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Additionally, you will also need to provide a new declaration of health if you adjusting the coverage of your Home Protection Scheme upwards – that is, if you are already signed up with the Home Protection Scheme and would like to increase the coverage (due to various reasons including increased payment amounts or changes in share coverage).

In this second case, the increase in coverage will be evaluated in light of your new healthcare coverage. If it is denied, you can continue with your existing coverage; the new healthcare declaration will not affect your previous coverage whatsoever.

Do I need to provide an updated healthcare declaration if I’m just porting the coverage?

Firstly, what does it mean to port your coverage?

In the case where you are selling your old HDB property and buying a new one and want to enroll in the Home Protection Scheme, you are generally requested to re-enroll in the HPS for the new property. This means a new application and yes, a new health declaration.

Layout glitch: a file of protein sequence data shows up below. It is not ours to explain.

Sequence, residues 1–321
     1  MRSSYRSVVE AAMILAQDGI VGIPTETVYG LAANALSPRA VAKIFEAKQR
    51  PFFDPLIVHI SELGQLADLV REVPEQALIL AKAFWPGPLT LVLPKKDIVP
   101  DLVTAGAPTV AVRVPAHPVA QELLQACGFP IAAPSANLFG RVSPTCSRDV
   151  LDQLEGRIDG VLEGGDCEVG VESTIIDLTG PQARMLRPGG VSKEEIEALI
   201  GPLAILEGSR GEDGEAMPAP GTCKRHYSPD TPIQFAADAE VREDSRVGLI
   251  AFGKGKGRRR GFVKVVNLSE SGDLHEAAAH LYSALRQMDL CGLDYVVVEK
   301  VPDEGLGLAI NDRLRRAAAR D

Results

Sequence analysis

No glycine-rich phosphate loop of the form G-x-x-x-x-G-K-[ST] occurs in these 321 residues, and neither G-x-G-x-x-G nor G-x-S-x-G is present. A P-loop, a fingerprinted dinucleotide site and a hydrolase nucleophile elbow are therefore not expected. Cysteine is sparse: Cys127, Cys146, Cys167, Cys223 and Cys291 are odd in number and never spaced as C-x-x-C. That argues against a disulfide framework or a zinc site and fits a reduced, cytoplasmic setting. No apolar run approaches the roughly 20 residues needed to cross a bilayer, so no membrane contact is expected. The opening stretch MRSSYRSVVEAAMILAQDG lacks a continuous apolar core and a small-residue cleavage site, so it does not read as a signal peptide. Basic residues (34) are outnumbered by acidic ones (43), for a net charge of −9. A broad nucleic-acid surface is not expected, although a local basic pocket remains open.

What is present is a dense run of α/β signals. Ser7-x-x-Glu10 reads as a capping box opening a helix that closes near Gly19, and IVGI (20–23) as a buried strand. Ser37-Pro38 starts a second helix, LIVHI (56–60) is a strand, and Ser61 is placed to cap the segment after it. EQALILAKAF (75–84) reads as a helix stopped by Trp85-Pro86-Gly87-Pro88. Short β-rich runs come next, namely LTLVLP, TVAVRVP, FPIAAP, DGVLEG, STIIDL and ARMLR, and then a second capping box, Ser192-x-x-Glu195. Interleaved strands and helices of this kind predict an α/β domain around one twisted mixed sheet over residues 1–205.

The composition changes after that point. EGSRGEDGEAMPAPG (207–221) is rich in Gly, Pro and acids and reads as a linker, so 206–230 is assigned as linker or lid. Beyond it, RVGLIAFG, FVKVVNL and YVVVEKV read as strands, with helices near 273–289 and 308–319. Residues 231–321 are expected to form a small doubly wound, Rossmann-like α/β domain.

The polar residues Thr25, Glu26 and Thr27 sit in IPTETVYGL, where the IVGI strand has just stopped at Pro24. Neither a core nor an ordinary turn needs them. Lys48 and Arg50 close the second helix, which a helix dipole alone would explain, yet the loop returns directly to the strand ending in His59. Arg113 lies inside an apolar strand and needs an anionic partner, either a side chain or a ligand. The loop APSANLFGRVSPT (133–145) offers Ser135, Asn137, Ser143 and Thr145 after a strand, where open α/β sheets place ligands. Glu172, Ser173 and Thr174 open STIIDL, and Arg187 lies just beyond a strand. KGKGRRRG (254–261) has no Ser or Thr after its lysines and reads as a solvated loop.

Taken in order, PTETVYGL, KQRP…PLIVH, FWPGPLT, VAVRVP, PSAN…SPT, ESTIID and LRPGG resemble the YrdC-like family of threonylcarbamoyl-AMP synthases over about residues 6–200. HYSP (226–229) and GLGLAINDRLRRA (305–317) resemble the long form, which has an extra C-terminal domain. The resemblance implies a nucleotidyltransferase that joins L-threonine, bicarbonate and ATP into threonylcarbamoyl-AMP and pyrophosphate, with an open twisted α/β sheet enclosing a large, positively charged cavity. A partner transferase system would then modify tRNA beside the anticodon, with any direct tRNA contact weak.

However, sometimes the new application is rejected as you are no longer eligible for coverage. In this case, you may want to port what is remaining of your old Home Protection Scheme coverage to the new property, and this is the scenario that we are discussing.

Do note that you can only port the prior cover if you have been rejected for the new application. Additionally, your prior HPS cover (the one you are trying to port) should have already been terminated due to the purchase of a new property. When these two conditions are fulfilled, you may apply to port the coverage of your Home Protection Scheme insurance.

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The ported coverage will last for either the remainder of what was left on the coverage or the new cover period of your new property if it is less than what was left on the coverage. Similarly, the covered sum will either be the remainder of what was left on the coverage or the new sum for your new property if the latter is less than the first.

Either way, if you port your coverage you will not need to submit a new declaration, and the terms and conditions of your ported coverage will still apply as well.